Thursday, December 17, 2009
The New York Appellate Division for the First Judicial Department has imposed a one-year suspension of an attorney for failure to file and pay state and federal taxes for almost a decade. The court noted mitigating factors:
The Hearing Panel conducted a hearing and respondent, represented by counsel, respondent's wife, and several character witnesses, including two of his former law partners testified on his behalf. Witnesses testified that respondent devoted thousands of hours to pro bono activities on behalf of his firm representing death row defendants and, as a Trustee, gave a great deal of time to and made substantial financial contributions to Skidmore College, his alma mater. Respondent also submitted a letter from a psychiatrist stating that respondent suffered from "an Obsessive Compulsive Personality Disorder", that caused him to attend to his work compulsively, but caused him to be careless about various personal matters, including those relating to health and finances.
In the within matter, while there are some mitigating factors, we find aggravating factors vastly more compelling. Specifically, while at his law firm and receiving a substantial income, respondent purchased a five bedroom house in New Jersey and a four bedroom house in Florida. He also owned a Lincoln Town car, a Nissan Mini Van, a BMW SUV, and paid for his children to attend private school. In addition, respondent lied to his wife by telling her that tax matters had been taken care of and did not notify his partners of the pending criminal investigation before resigning from the firm to take a position as president of two corporate entities engaged in energy operations in the Philippines. According to the Hearing Panel, his failure to inform his law partners was to insure collection of full compensation and early capital account distribution. We agree with the Hearing Panel's finding that the psychiatric claim is not credible.
While respondent's extensive pro bono work on behalf of defendants facing the death penalty and his dedication to his alma mater is commendable, it does not excuse his failure to file returns or pay taxes during this time. Although respondent has paid all the taxes owed to the State, and has worked out a plan with the Internal Revenue Service, the picture that emerges is that respondent, without any justification, and while enjoying a lavish life style, disregarded his tax obligations. Having considered all of the factors set forth above, we find, as we have found in Matter of Goldman decided herewith, that failure to file tax returns and pay taxes for an extended period of time in these circumstances warrants suspension.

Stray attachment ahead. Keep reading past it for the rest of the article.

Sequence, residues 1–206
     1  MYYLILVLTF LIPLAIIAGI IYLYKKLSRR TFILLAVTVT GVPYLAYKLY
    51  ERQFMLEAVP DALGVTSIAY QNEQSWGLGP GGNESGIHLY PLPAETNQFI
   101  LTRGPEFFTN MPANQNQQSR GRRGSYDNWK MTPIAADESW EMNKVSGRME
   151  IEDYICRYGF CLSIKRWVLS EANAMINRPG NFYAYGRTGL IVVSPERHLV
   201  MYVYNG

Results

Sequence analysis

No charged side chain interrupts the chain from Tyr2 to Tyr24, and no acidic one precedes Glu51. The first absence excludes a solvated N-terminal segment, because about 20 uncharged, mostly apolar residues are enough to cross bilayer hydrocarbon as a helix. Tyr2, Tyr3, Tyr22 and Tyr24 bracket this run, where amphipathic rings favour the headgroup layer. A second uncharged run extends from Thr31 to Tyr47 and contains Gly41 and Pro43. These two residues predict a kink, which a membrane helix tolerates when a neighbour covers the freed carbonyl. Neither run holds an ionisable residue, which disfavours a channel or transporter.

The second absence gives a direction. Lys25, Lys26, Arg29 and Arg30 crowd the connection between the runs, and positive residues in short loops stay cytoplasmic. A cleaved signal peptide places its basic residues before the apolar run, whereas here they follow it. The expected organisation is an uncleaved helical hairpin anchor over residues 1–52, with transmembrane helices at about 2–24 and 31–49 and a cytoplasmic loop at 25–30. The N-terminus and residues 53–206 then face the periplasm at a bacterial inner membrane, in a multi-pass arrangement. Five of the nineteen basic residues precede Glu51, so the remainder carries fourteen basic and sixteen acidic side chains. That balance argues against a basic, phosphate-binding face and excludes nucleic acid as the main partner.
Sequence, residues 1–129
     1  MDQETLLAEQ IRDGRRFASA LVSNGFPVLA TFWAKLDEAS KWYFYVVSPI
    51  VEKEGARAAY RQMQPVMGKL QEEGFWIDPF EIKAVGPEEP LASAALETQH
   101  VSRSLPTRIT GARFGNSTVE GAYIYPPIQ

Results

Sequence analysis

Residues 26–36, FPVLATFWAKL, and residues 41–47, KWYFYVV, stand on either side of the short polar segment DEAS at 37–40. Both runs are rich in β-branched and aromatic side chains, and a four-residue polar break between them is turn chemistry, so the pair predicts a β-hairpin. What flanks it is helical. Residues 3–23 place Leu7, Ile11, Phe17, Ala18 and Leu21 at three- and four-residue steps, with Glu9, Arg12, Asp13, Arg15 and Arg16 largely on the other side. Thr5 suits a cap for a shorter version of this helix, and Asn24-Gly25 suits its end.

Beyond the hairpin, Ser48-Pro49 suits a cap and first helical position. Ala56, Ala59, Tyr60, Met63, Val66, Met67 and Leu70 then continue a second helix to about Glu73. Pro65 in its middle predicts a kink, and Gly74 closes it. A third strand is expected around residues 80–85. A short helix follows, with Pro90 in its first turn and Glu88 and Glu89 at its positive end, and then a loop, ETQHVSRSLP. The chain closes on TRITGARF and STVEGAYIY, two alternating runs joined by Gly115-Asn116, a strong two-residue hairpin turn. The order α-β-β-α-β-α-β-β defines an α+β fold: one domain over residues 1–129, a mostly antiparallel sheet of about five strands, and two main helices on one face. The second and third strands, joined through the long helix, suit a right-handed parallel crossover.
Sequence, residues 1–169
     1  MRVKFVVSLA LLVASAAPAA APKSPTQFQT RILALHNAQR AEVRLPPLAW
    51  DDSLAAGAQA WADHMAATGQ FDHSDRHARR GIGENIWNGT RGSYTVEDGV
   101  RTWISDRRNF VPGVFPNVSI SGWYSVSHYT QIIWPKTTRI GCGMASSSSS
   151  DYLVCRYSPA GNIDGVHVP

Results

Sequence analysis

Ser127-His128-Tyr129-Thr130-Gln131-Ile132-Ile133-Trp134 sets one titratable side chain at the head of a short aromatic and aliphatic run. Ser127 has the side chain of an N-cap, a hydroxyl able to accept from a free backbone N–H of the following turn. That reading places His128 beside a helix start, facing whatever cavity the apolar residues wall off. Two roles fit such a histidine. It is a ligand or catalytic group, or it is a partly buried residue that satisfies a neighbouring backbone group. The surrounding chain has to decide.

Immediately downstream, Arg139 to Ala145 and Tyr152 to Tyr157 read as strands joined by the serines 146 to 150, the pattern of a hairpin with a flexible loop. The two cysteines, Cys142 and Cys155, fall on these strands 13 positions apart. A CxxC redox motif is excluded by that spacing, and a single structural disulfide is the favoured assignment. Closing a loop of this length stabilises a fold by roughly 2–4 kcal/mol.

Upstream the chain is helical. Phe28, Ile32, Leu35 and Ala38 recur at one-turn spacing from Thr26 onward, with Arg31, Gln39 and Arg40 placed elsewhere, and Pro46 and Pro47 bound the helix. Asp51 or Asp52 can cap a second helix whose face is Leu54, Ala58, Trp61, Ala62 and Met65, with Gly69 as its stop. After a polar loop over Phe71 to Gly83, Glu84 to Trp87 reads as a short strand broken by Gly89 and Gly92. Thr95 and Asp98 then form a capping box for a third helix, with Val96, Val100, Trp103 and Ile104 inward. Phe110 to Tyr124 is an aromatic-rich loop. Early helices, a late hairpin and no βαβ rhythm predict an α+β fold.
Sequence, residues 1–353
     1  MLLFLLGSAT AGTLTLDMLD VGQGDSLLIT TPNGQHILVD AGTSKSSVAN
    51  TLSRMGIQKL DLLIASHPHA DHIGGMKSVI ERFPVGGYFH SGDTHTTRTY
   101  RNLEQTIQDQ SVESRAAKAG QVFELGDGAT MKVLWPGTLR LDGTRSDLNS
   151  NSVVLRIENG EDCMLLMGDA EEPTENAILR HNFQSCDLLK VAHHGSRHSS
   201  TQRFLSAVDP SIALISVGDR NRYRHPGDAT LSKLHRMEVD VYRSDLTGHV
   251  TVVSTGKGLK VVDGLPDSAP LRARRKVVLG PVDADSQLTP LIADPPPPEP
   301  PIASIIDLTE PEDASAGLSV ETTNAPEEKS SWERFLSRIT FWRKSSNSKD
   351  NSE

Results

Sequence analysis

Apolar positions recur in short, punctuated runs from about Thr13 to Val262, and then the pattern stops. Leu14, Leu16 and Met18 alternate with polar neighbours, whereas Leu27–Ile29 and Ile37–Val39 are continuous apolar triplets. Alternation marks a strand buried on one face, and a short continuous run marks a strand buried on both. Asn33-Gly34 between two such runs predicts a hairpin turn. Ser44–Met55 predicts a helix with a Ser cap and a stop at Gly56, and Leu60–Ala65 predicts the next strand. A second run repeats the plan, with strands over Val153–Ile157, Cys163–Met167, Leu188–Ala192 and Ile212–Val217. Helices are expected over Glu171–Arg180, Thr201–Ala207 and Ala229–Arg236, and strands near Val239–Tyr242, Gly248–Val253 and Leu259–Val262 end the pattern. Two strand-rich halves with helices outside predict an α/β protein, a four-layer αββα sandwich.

This release from the New York County District Attorney's office notes that the attorney was a Kaye Scholer partner.
The court imposed the same sanction for similar misconduct in an unrelated matter. The suspension was appropriate where the money had been spent on gambling rather than a lavish lifestyle:
In the within matter, while there are some mitigating factors, we find aggravating factors vastly more compelling. Specifically, respondent, while receiving annual compensation in excess of $300,000 a year, spent substantial sums on his restaurant investment and engaged in a pattern of gambling on horses for over ten years. Particularly disturbing is respondent's failure to comply with the order of the sentencing court to establish a payment plan for about a year. He was unable to explain his noncompliance, attributing it to his memory failure due to his aneurysm. In any event, the picture that emerges is that respondent, without any justification, disregarded his obligation to pay taxes.
The mitigating factors are that there has been no suggestion that these actions in any way affected his law practice, that the brain aneurysm may have affected his ability to explain his actions, and that respondent has not enjoyed a lavish life style, as was the case in Matter of Clay, supra or Matter of Chervin, supra. He has also filed all delinquent returns, and is nowallegedly finallyworking out payment plans. Having considered all of those factors, we find, as we have found in Matter of Howley decided herewith, that failure to file tax returns and pay taxes for an extended period of time in these circumstances warrants suspension.